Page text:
Now, you may have heard some rumors about R. Kelly. Certain of his alleged untoward tendencies have been brought to the public's attention viaof all thingsthe Internet. The consequences have been disastrous: Kelly was asked not to perform at a Congressional Black Caucus fundraiser in September, and his eighth album, Happy People/U Saved Me, only hit No. 2 on the Billboard 200 (2003's The Chocolate Factory nailed No. 1). On second thought, maybe things haven't been so bad after all. Indeed, no matter how low their budget or questionable their taste, his videos are always very popular, he still manages to pull off that weird Zorro mask, and he's touring with Jay-Z (they're playing MSG Friday and Saturday). So why has the super-freak gone Jesus freak?
Happy People/U Saved Me is a low-concept two-disc set, with one song for each of the original 21 child-porn charges brought against him (seven have since been dropped). Chicago stepping soundtrack Happy People is, if this is possible, the smoothest and frothiest album of the year. U Saved Me is chicken soup for the soul man. Its born-again ballads are fundamentally frothy, in their heavy-handed, gospel-tinged way. But for one only somewhat explicit track ("The Greatest Show on Earth," in whichI'm guessing you ladies won't mindthe ringmaster pursues your "spot"), the discs either hew to the ballroom or the basilicanot the bedroom (or the basement). Though lots of people assume carnality is all Kelly's got, this album proves otherwise. His beats and voice have morphed to match the mood, but a tiger in the sack doesn't change his stripes. And really, who needs to know he's sticking his key in her ignition when we can hear the engine purring?
I often feel for the wrong guy; it's an emotional underdog thing. The vice presidential debate even humanized Dick Cheney for me, particularly in the way that he seemed to rue betraying his lesbian daughter. R. Kelly is probably a very bad person, but I tend to think of him in tragic-figure terms, as somebody who is illiterate (so reports Vibe) and who never got over the death of his mother. He says he identifies with Elvis Presley (with whom he shares a birthday)fine. He also identifies with Osama bin Laden (with whom he admittedly shares a reputation for appearing online in disturbing footage)hello. Is he gonna end up in prison or getting pills handed to him in a little plastic cup?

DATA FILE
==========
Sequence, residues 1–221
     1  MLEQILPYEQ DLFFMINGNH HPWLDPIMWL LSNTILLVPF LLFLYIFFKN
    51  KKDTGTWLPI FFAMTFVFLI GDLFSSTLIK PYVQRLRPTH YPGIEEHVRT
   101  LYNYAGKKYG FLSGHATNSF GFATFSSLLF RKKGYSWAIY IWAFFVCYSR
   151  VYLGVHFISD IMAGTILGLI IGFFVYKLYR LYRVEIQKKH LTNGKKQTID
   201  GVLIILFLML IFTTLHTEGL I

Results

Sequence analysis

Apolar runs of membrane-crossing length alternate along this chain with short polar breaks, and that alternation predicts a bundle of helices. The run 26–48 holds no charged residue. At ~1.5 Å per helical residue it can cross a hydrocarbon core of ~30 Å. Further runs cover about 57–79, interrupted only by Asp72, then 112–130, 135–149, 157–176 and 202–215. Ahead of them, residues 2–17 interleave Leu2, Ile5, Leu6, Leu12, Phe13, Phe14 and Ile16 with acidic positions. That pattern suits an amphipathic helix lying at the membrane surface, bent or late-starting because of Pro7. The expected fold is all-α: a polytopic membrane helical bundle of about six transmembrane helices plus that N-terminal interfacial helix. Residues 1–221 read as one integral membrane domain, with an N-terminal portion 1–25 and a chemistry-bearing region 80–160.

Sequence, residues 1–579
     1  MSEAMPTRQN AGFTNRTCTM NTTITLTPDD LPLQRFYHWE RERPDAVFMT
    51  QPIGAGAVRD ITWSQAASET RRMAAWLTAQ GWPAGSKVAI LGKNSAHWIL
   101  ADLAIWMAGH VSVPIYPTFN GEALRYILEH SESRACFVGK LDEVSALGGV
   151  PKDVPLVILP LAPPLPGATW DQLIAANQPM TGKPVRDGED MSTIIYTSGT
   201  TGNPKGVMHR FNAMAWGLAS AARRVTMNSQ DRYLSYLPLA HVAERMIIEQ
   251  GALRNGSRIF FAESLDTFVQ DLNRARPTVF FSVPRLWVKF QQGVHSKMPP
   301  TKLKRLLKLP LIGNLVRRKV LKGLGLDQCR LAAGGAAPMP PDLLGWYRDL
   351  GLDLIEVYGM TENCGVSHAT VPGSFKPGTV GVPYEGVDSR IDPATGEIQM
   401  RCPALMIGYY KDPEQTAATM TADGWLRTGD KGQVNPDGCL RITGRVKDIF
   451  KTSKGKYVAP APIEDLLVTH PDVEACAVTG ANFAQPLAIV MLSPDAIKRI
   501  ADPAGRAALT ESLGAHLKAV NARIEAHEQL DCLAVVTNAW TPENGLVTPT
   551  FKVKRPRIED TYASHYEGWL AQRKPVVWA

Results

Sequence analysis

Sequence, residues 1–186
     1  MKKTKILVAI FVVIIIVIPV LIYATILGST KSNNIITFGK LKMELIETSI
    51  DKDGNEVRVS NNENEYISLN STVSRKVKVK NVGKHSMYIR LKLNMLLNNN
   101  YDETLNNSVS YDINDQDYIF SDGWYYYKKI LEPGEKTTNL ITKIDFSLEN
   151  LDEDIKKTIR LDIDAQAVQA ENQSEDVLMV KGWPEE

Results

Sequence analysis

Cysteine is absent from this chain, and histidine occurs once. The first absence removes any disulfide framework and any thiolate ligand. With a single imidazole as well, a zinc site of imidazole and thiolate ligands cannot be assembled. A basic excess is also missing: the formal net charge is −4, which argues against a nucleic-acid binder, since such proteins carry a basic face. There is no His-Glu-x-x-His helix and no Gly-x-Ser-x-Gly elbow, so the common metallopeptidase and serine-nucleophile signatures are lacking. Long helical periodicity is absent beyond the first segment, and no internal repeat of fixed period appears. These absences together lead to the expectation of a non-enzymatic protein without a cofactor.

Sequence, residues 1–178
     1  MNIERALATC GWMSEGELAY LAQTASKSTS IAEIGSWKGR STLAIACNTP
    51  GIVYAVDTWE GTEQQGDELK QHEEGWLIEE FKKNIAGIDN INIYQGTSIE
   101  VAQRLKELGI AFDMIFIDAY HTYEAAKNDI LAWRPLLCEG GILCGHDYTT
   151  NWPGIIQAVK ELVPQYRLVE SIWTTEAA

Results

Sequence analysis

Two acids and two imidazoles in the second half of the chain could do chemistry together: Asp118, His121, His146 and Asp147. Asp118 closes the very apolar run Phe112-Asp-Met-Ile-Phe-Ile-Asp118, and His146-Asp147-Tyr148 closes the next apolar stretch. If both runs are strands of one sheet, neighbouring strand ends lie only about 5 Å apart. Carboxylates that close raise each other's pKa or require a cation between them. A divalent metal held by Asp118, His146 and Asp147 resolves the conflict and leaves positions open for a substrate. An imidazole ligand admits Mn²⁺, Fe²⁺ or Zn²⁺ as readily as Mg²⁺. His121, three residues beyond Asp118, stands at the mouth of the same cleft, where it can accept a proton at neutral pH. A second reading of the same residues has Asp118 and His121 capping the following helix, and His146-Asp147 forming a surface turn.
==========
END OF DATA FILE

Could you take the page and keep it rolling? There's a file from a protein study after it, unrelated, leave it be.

R. Kelly's not a reverend, and that's what appeals about his preaching: You can hear his struggles with faith even in his boilerplate. And unlike Mase, Al Green, or even the de-freaked Prince, dude doesn't have to disappear to take up with his God. He doesn't believe in a puritanical existence, either. The Happy People disc is utterly hedonistic: warm, breezy, and a clean break from hip-hop's and r&b's experimental riddim idiom. Every song is a stepper. Rap started when DJs isolated the breaks. Steppinga Chicago style mostly danced to by blacks over 30 (check out the positively mature ballroom video for "Happy People")sounds like loops of smooth funk outros, easy and eternal. There are no micro or macro dynamic shifts. Kelly butters the muffin; melody and groove mingle as he babbles positivity, from the sub-Sesame sentiment "Love Street" to "It's Your Birthday" (great songs both). The stepping style is so likable here that it hardly occurs to you how original, in a radio context, it truly is.
Kelly doses U Saved Me, much less consistent and predictably cloying in churchy, piano-laden parts, with all the drama Happy People so effectively glosses over. Call it 12 stepping. But as on disc one, even the hoariest instructionals transcend the pulpit. God fucking cures cancer, domestic abuse, and a college baller's bad grades in the choir-revved "Prayer Changes" and "U Saved Me," and yet the unmistakably pop uplift raises all boatsnot just, say, Noah's ark. R. Kelly may be sunk, but you'd never know it.
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